By Shaun Lim
With more people staying at home because of the pandemic, video streaming continues to surge as the demand for content grows exponentially. This, in turn, is driving the rapid adoption of artificial intelligence (AI) and machine learning (ML) in the broadcast and media industry as a means to gain key insights into audiences, and to gain operational efficiencies through the automation of workflows.
One noticeable and growing use case for AI/ML, suggested Stan Moote, Chief Technology Officer of IABM (International Trade Association for Broadcast and Media Technology), is automatic speech recognition (ASR).
He told APB+, “Live captioning not only frees up people for other activities, it has the benefits of having a consistent delay of only a few seconds, whereas the delay for manual-captioning is variable. This allows for setting up captioning signal flows to be able to handle video switching at regional, national, local or network levels. Moreover, the accuracy is more than acceptable as using this for file-based activity is widely accepted.”
With ASR quickly becoming a commodity item, more and more use cases are emerging to differentiate product offerings, including using ASR collection of speech/script for translation.
Where script translation is concerned, Moote said having decades of news archives on tape is a perfect example of digitising video and creating a searchable script.
He explained, “News archives are used often, but only a tiny fraction of the actual storage gets repurposed.
“The issue with news archives is that it is totally unknown which older news clips are relevant until a current event requires older backup clips. Having the script simplifies the search process for the old news, which is often required instantly.”
Broadcasters and media companies are also finding out how AI and ML techniques are significantly improving the search process as often, each tiny regional area, or cities within the same country, can have unique key words and nuances. “Areas of improvement with ASR that are underway, include denoting a new speaker and creating speaker change IDs,” said Moote.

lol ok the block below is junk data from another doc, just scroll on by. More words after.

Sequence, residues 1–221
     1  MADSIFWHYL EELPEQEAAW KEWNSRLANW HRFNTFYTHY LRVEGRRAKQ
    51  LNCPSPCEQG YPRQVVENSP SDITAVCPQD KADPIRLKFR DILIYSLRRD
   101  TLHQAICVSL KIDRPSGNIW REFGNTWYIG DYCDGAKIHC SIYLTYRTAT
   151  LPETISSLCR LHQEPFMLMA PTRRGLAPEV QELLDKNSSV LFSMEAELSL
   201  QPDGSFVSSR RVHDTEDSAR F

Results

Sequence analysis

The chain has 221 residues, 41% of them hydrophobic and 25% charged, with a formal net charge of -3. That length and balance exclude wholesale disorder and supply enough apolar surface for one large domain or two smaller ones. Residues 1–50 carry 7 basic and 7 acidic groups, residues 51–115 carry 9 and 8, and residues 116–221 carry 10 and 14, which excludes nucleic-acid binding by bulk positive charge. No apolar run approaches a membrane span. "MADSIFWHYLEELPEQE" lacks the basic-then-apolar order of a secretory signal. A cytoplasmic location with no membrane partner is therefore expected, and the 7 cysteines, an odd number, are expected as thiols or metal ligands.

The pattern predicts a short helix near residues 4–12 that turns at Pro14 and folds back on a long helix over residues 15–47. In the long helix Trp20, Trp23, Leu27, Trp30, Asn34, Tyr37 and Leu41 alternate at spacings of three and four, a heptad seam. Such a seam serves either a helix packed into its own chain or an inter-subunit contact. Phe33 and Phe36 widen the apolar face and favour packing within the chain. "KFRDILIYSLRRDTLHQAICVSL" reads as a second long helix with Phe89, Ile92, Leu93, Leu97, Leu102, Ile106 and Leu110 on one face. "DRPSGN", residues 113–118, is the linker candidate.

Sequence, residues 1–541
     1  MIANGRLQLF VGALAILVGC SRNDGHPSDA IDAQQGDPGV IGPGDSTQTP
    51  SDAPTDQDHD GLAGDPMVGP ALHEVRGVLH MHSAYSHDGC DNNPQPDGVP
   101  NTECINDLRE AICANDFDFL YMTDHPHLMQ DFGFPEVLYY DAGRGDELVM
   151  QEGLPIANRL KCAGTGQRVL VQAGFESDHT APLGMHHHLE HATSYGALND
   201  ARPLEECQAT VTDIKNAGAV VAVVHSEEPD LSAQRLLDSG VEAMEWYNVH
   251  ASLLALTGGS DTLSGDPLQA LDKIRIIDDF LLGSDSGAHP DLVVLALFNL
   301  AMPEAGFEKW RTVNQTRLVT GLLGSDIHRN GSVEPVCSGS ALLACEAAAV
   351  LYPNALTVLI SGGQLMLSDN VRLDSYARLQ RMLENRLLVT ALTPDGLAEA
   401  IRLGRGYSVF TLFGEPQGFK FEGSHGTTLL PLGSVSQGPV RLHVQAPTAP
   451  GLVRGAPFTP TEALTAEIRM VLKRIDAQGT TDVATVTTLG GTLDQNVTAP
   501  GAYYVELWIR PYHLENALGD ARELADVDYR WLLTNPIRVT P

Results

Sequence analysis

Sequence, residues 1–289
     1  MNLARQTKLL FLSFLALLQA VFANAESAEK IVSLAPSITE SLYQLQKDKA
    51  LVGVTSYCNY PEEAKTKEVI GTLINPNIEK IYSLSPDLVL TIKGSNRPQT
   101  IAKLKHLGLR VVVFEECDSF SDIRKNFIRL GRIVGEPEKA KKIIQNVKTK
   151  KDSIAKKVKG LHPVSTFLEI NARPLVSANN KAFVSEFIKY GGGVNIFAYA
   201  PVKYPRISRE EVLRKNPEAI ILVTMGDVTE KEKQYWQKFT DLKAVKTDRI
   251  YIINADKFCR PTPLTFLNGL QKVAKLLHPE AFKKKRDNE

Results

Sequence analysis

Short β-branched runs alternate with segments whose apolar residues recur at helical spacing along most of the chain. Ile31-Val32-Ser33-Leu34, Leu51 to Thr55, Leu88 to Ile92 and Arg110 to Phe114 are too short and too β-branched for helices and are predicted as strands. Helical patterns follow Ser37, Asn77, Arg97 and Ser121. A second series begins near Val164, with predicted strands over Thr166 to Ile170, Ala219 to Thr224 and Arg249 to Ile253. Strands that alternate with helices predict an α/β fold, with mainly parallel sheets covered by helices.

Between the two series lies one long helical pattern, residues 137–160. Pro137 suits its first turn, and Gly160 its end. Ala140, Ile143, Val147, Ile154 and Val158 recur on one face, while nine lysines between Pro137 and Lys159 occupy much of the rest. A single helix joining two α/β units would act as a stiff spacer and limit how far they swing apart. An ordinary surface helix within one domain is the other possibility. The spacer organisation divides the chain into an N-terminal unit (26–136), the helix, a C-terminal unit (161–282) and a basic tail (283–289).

Remote work accelerating AI/ML deployment
As more people worked from home during the pandemic, indexing video using AI/ML also saw an increase because of a lack of direct and full access to content. “Finding mark-in and mark-out points through keyword searching, along with black and clip detection for top and tail, has become invaluable,” Moote observed.
He also believes that even as people gradually return to their work offices in 2022, the use of AI/ML for auto-trimming will increase as the time saved frees them up for other activities. “However, while
auto-trimming may be perfect for short-form content like ads, more work needs to happen for it to work for long-form content,” Moote pointed out.
He also observed that while AI/ML helped to repurpose old content to meet viewers’ insatiable demand during the pandemic, it is likely that in the future, AI/ML will be utilised instead, to re-cut older programmes into newer formats.
Content creators have also embraced the use of AI/ML, noted Moote. “I had the opportunity to interview a creative director during one of IABM’s BaM Live! Events about creating unique content for each type of viewing device, including issues such as how certain graphics do not work on tiny viewing devices in comparison to large screen TV sets. She told me that consideration is being done in the planning stage, after which AI takes care of the rest of the work – so basically hands-free!”
With ransomware attacks on the rise, AI/ML-based analytics also performs an important function in providing another layer of security monitoring, Moote highlighted. “Understanding when and why peak file and network activities are underway definitely helps with monitoring facilities.”
Key adoption drivers for AI/ML
As broadcasters and media operators begin to step up their operations and facilities for the future, they need to take into account how systems, automation and orchestration are becoming more and more complex. “Users will require assistance to operate them, as the average person cannot manage these on their own any more, in a practical sense,” said Moote.
Predicting that AI/ML will increasingly have a role to play in the media and entertainment industry, he added, “I believe AI and analytics have applications throughout the content supply chain, so the bottom line is whether it is about enabling more informed decision-making, or workflow automation and optimisation.
“This type of application and solutions liberate creative resources through routine workflow automation, solutions that automate and optimise content supply chain logistics and track its state, and solutions that optimise delivery and distribution, as well as enable more personalisation of the consumer experience.”
While the pandemic may have compelled broadcasters and media operators to invest in AI and analytics, a move that brought initial pressure on stretched budgets, Moote suggested that in the long-term, drivers such as demanding content pipelines will continue to drive increased spending on AI and analytics solutions in the media industry.
“Our industry now better understands that driving efficiency and personalisation through these technologies can differentiate themselves from the competition,” he concluded.
Question: What key role can AI/ML play in the media and entertainment industry, in particular the content supply chain in 2022?
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